Swire’s reopened art space in Taikoo Place – an “open box” to capture motion
ArtisTree in Taikoo Place has been reopened with a scaled-down area and a new architectural language
In early June, Swire Properties reopened its ArtisTree arts and cultural initiative that forms a key element of the company’s Grade-A office development at Taikoo Place.
The original ArtisTree opened, to much fanfare, in 2008 with the travelling exhibition Vivienne Westwood: A Life in Fashion, which set the seal on the 20,000-square-foot space as a platform for world-class exhibitions.
The reimagined ArtisTree, housed in a new location, is significantly smaller, at 7,000 sq ft, yet more architecturally considered and imposing space and has changed the focus and scope of the initiative, says architect Frank Leung, principal of via.
“The architectural language is new. It explores the idea of capturing motion. It’s a theme that ties in everything at Artistree,” says Leung, explaining that the space has been primarily designed as an experimental performing arts space, though it is anything but a “black box”.
“It’s an open box,” says Leung, of the new space, which has its entrance on the main concourse of Cambridge House.
Touching on the conceptual themes of movement, ArtisTree links to the concourse with a rippling gate made of aluminium wrapped in timber.
As part of a three-step journey, the gate leads to the facade of the “box”, a structure sure to be heavily Instagrammed. The facade is made up of 1,000 black hollow metallic squares that can be repositioned and lit in various ways using a computer programme to echo the movement of fabric.
The third step on the journey is the performance space inside the box that has been built to be as flexible as possible in terms of its seating and rigging.
As with the Westwood show in 2008, ArtisTree has looked to cement its place in the cultural landscape with its launch programme in June, which included performances of Contempolion, a contemporary and experimental lion-dance performance from veteran Hong Kong choreographer Daniel Yeung, and a progressive and condensed modern interpretation of the Italian opera La Traviata.
In July, the space will play host to open rehearsals for a production of The Little Prince, by the City Contemporary Dance Company, and August sees its participation in the Hong Kong International Drummer Festival.
Leung, who established via in 2009, has worked on several large and complex Hong Kong projects and was the design manager on the project that would eventually become the ICC in West Kowloon.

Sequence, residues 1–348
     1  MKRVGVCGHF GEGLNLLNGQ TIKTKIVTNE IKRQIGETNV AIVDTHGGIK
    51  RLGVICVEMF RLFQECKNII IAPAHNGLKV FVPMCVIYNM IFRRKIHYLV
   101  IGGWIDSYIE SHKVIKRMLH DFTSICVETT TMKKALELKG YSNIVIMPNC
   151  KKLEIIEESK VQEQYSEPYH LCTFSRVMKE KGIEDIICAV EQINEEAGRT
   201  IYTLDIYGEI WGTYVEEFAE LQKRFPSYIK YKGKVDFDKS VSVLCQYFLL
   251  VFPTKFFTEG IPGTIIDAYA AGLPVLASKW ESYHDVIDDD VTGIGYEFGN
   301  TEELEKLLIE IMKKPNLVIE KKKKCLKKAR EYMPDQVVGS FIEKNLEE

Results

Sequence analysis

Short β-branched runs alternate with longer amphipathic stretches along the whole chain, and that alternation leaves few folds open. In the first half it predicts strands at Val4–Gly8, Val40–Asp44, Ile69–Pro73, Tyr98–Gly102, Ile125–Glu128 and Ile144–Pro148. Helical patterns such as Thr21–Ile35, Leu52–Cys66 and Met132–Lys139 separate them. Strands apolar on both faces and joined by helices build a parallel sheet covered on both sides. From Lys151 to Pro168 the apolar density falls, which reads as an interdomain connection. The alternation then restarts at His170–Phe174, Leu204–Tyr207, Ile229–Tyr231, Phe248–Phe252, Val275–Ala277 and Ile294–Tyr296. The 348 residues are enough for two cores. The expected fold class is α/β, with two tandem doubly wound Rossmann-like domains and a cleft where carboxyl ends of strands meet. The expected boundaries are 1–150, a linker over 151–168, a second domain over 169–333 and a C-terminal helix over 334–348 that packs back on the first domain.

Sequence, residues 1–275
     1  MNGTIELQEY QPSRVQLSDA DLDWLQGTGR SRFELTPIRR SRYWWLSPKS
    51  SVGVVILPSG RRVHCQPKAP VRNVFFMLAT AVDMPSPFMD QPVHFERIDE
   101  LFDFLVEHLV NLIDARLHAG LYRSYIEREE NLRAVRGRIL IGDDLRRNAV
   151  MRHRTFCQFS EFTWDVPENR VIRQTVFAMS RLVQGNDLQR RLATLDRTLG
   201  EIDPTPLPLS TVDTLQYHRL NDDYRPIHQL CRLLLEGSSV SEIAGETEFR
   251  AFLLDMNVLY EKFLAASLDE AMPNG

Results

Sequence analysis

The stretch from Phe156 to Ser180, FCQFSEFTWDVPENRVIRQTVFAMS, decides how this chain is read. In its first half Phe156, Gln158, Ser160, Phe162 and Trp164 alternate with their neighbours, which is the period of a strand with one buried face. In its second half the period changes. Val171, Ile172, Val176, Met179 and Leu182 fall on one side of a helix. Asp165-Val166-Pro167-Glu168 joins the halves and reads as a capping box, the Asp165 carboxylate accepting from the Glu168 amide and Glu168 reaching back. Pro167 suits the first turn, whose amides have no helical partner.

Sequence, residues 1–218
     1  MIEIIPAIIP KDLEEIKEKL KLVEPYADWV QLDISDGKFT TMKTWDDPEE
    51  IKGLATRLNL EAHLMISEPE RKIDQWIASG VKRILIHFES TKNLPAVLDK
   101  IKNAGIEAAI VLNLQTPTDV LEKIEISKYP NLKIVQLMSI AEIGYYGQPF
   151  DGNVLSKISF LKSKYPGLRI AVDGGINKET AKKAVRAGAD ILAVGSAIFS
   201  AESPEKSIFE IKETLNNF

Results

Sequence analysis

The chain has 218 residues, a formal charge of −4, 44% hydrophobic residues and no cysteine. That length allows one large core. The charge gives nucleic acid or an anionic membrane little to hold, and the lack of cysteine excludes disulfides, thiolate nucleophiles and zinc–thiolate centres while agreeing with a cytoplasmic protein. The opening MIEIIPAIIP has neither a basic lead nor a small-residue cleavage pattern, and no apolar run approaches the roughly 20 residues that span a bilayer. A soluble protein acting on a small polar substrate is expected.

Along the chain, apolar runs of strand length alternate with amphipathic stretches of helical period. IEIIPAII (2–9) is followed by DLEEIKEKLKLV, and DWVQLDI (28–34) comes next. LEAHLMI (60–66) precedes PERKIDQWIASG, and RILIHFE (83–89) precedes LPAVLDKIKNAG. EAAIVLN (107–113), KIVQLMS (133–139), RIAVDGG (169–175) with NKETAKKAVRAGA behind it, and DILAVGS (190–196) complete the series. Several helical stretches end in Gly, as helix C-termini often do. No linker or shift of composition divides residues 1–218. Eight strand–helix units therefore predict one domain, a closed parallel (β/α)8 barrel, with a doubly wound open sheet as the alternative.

But he says ArtisTree proved more of an intellectual challenge because he had to marry the need for practicality with something that engaged the public even during the time between shows.
“We needed to design something that is quiet and sculptural when it is not being used and still have a presence, and yet be open and welcoming when there is something going on.”
Leung adds that although Sheung Wan-based via is a multidisciplinary practice that encompasses interiors, architecture, signage and lighting, the company had rarely used all its competencies on a single project.
Placing an experimental performance arts space inside some of Hong Kong’s most sought-after office real estate might seem counterintuitive from a business sense for, as Leung points out, developers are naturally drawn to crowd-drawing spaces for easy revenue.
“When you look at other commercial properties looking for crowd-drawing entities the old wisdom was a cinema or F&B,” says Leung.
He adds that Swire was “brave” to opt for such a left-field approach and that the company was riding a trend more commonly seen in cities like Tokyo.
“Swire have been on this trend to move away from exhibition-centric spaces to performance-centric spaces.”
Additionally, Leung and Swire, along with the cultural programmers, hope the new ArtisTree will also be closer to, and more reflective of, the Taikoo Place community.
“Taikoo is not your Central office crowd; many [people] are in the creative industries like advertising, design and architecture. This space also draws from the local community,” he says.
Zooming out, Leung hopes that ArtisTree will be an inspiration to other developers to adopt similar revenue-shy but culturally significant projects.
“[ArtisTree or something like it] is a drop in the ocean in expenditure for developers but these projects have great added value.”
He notes that Hong Kong has a number of cultural spaces opening in the coming years, or that are being planned, such as the long-gestating West Kowloon Cultural District, but more attention needs to be paid on experimental and community-linked spaces.
“Spaces like these are sorely needed in Hong Kong.”